Congressional report: fuel standards for HD vehicles impedes economic growth
A Congressional report blames Obama administration rules for blocking economic growth. The committee that released the report is chaired by Rep. Darrell Issa, R-Calif., above.
The Trucker News Services
WASHINGTON — The new fuel economy standards for heavy-duty vehicles for model year 2014-2016 is cited in a Congressional report as one of several impediments to economic expansion and job growth.
The report, titled “Continuing Oversight of Regulatory Impediments to Job Creation: Job Creators Still Buried by Red Tape,” was released July 19 by the Committee on Oversight and Government Reform.
The committee is chaired by Rep. Darrell Issa, R-Calif.
The report is immediately critical of the Obama administration.
“Rules and red tape imposed by the federal government choke economic expansion and job growth, according to job creators themselves,” the opening statement of the report summary reads. “Despite hearing this message loud and clear, regulations implemented during the Obama administration have moved aggressively in the opposite direction — the regulatory state continues to grow, adding billions of dollars in compliance costs to businesses and job creators. These costs will ultimately be paid by consumers.”
The report notes that while administration officials boast that Obama has issued fewer regulations than his predecessors, the committee’s analysis indicates the current administration has issued far more of the most expensive group of regulations with a higher overall economic cost.
The committee cited information received from the Owner-Operator Independent Drivers Association (OOIDA) in its criticism of the heavy-duty truck fuel standards
“These standards will negatively affect small business and independent truckers,” the report said. “According to the Owner-Operator Independent Drivers Association, ‘the Environmental Protection Agency took a one-size-fits-all approach to this regulation, forcing down technologies that may save fuel.’ The new regulation will drive up the price of new trucks by at least $6,200, according to EPA’s own calculations.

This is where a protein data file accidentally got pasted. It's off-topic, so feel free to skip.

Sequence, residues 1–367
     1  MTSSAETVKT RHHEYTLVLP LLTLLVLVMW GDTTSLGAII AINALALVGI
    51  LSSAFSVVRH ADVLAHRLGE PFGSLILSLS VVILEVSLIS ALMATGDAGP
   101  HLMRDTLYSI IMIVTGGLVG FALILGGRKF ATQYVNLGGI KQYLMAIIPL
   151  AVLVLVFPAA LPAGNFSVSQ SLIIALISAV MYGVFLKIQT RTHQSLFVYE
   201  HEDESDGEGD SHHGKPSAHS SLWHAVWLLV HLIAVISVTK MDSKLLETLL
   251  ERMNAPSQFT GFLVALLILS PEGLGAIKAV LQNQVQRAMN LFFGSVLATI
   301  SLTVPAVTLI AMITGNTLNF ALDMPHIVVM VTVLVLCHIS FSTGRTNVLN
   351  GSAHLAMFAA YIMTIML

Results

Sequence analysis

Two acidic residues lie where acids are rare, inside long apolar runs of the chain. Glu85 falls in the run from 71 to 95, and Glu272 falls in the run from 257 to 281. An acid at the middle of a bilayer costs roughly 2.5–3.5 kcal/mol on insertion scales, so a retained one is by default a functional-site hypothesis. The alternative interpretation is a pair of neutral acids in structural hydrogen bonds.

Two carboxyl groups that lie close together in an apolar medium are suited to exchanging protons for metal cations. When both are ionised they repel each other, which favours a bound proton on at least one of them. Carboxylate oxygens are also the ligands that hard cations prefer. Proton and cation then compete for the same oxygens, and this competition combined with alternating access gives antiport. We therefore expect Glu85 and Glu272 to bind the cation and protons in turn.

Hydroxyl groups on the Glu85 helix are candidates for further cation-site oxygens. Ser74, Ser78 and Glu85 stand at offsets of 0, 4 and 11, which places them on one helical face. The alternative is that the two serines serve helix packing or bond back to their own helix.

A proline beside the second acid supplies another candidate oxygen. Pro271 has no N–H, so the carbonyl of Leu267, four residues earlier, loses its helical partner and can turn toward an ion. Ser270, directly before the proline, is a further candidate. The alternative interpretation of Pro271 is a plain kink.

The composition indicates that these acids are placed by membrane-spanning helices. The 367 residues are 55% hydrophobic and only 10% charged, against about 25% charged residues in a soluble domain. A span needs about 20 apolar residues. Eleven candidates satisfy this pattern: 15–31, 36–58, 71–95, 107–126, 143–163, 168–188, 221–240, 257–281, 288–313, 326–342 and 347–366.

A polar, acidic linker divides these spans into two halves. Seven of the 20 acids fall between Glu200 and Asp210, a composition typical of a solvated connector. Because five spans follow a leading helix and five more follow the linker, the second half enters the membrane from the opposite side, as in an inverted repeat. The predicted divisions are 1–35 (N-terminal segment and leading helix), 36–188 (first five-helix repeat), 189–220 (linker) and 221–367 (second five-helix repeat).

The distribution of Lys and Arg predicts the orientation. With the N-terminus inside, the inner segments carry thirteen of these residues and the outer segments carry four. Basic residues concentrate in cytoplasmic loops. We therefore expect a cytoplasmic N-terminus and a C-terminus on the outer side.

The information from OOIDA was taken from a June 1 letter from OOIDA Executive Vice President Todd Spencer to Issa and Rep. Jim Jordan, R-Ohio, chairman of the Subcommittee on Regulatory Affairs, Stimulus Oversight and Government Spending.
“Trucking is a hyper-competitive industry, with motor carriers often operating on extremely thin margins,” Spencer wrote, noting that 93 percent of all carriers have less than 20 trucks in their fleet, and 78 percent of carriers have fleets of just six or fewer trucks. “As such, any cost increase has a direct impact on the operating budgets of our businesses, and for many within trucking those business budgets are also the family budget. Extra dollars spent to meet regulatory mandates means fewer dollars to spend on adding a new driver, buying a new truck or trailer, making needed repairs, or meeting basic household expenses like a mortgage payment.”
While the focus of the report was on energy, environmental labor and financial services regulations, the committee said many other regulations previously brought to the committee’s attention “also remain a concern.”
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Although it did not go into detail, the report listed several trucking-related regulations it considered potentially “problematic.”
• Hours of Service
• Duplicative CDL background checks and credentialing for hazardous materials drivers
• A broaden definition of a tank truck
• A rule that requires truckers to submit a copy of their annual biennial medical certificate to the state agency that issues their CDL
• A rule that requires carriers to review every driver’s motor vehicle record annually to ensure that they are safe and qualified to continue driving despite the fact that many trucking companies review their drivers’ record, anyway, every time they received a driving violation.
• Expectation of a proposed rule for judging safety for motor carriers.
• EOBR mandate
• Proposed electronic stability control rulemaking for heavy trucks, and
• A heavy vehicle speed limiter proposed rule.
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